From Together, We Are Building a Bigger, Better Texas

Paradise Found: Creatives Prefer Texas

You bring the ideas. We’ll provide the resources.

HBO’s “Love & Death” series, inspired by events that took place in Wylie, Texas in 1980, was filmed in 12 cities around the state.
Photo courtesy of Jake Giles Netter/HBO Max

Bastrop 552 has the potential to generate $177.8 million per year.
Bastrop 552 has the potential to generate $177.8 million per year.
Rendering courtesy of Mode Design Company

here’s no escape from the digital age. As viewers, we have become accustomed to an array of new and enticing content that keep us locked in to our black boxes daily. 

With the latest release of a movie, television show, video game or new music rarely do we consider every aspect behind our entertainment’s background. For those curious, a little research will show there’s a good chance that your earliest or latest obsession was inspired by and made in Texas.

The state not only continues to breed a plethora of household names, but has an indisputable way of drawing in new creatives. Texas knows to bank on growth within the nation’s entertainment industry, there had better be big bank backing it up.

 U.S. states are scrambling to get resources in place to entice and adhere to the needs of multimillion-dollar productions ramping up across every facet of the industry. But none seem to move at the pace Texas leads with. In turn, the prevalent and steady growth within the entertainment industry comes from years of diligent planning and preparation accumulating among a network of Texas communities.

Looks Better on Film

Within both film and music, Texas has naturally served as a hotspot for industry growth for years. This has allowed the state to understand the needs of not only its local talent, but what it takes to support a full-scale production. 

In 2023, the Texas Legislature put their money where their mouth is, scaling the state’s annual film incentive cap from $45 million up to $200 million. Albeit a lower incentive cap than long-established hubs like California, Georgia or New York, the state has taken an alternative route to entice productions. 

By no means is the state a novice when it comes to film and television productions, leveraging more than 100 years as a prime set location. “Bonnie and Clyde,” “Friday Night Lights,” “Fear the Walking Dead,” “Love and Death,” “True Grit” and so many more iconic projects showcase that regardless of genre, Texas knows how to bring a vision to life, no studio set required. In 2023 the Film Friendly Texas Certified Community program added 14 new communities to a roster that now stands at over 175, touching every corner of the state.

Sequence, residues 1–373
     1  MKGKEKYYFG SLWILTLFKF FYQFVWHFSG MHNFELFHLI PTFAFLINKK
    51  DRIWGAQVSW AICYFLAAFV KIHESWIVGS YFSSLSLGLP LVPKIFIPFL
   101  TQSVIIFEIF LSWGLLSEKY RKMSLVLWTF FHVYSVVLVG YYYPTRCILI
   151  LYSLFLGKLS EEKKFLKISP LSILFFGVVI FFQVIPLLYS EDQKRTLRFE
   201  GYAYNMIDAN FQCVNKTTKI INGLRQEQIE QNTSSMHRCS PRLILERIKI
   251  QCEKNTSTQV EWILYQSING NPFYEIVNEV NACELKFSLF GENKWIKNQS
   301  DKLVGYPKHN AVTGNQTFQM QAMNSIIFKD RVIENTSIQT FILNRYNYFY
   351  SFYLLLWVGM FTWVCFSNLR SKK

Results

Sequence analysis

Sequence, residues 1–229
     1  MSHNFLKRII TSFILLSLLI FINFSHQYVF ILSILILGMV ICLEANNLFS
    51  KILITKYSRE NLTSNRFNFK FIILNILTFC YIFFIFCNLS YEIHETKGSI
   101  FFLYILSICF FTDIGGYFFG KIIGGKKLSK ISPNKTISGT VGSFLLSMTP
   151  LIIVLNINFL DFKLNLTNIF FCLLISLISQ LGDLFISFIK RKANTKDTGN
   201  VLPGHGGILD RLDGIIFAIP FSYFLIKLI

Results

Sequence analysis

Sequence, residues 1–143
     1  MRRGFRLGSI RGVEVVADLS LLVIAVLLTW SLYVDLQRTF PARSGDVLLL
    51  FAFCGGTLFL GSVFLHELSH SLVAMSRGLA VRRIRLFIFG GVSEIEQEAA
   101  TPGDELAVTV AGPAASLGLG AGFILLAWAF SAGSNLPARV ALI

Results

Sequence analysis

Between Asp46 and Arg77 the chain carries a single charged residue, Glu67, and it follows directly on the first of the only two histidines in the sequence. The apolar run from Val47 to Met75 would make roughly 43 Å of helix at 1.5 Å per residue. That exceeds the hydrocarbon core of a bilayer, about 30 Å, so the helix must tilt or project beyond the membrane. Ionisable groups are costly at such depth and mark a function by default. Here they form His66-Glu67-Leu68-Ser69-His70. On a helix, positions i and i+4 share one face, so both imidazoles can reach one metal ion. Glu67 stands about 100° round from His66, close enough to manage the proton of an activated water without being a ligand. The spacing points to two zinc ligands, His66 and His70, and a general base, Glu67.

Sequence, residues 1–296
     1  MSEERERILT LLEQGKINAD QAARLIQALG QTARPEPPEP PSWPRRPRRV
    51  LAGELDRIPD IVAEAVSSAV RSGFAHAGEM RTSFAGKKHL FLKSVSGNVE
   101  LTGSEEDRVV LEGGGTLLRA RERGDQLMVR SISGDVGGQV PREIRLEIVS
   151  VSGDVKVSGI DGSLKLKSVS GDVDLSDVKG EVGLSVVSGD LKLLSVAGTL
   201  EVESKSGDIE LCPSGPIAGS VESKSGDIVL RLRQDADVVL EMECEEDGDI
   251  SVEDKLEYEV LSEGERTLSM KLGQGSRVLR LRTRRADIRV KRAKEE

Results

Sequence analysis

The program has created a gold mine in terms of providing an extensive catalog of filming locations, skilled crew and local leadership equipped with industry knowledge and resources. Community leaders stay up to date on the latest industry regulations and best practices for film and digital media by attending regularly scheduled workshops held by the Texas Film Commission. That ensures that any project requests are swiftly fulfilled, preventing production slowdowns often faced in popular film hubs like California. 

This preparation provides a ripple effect within these certified communities, providing a welcomed economic impact. Once a production team finds the ideal location(s), relevant communities can begin to coordinate supplies, crew, food, transportation and lodging, among other resources needed to see a production through. A full network, with dedicated regional industry professionals, allows filmmakers and crew to produce projects in a multitude of locations across the vast state with ease.

Qualifying film and television projects can additionally benefit from the Texas Moving Image Industry Incentive Program (TMIIIP) which provides cash grants from 5% for $250,000-$1 million of in-state spend, scaling up to 20% for $3.5 million or more of in-state spend. This program not only benefits filmmakers but harnesses local talent by requiring 55% of crew to be Texas residents. As of 2023, the program has generated over $2 billion and created 183,000 jobs.

While the majority of movie magic tends to take advantage of the best mother nature and human history have to offer, the most vital aspect of a production takes place indoors. Conscious of this and the rapid surge of Texas’ growth as a film hub, studio developers are taking note of the space Texas has to offer the entirety of a large-scale production.

The Austin region serves as a prime example and will soon gain studio space catered to serving this market long-term. In and around the Austin metro there are currently 28 studio facilities ranging from 250 to 237,000 sq. ft. that cover needs of small- to large-scale productions from equipment to post-production offices, services and amenities. But there’s always room for more, in this case much more. 

In December 2024, Bastrop 552 plans to open up shop on the first 28 acres of its 600-acre film studio lot. Located 41 minutes outside of Austin in the city of Bastrop, this initial phase alone will bring up to 486,000 sq. ft. across eight studios, 300,000 sq. ft. of warehouse space and 200,000 sq. ft. of office space. While the timing of the next phase of the project is unknown, Bastrop 552 owner Alton Butler initially stated that the site would look to add more studios, warehouses, recreational areas and clubhouses.

A drive an hour southwest to San Marcos will take you to where Hill Country Studios will establish 200 acres of studios, workshops, production offices, a food park and on-site vendor village fit to exceed the needs of filmmakers and their crews. The $276 million studio investment was publicly announced in 2022, led by Hill Country Studios Co-Founder and CEO Cory McLoud and Chief Operating Officer Kevin Bar.

Construction is set to begin this year to build the initial seven sound stages, two workshops and a welcome center. Phase 1B will supply 250,000 sq. ft. of office space, while phase two completes five more sound stages, two workshops and support space.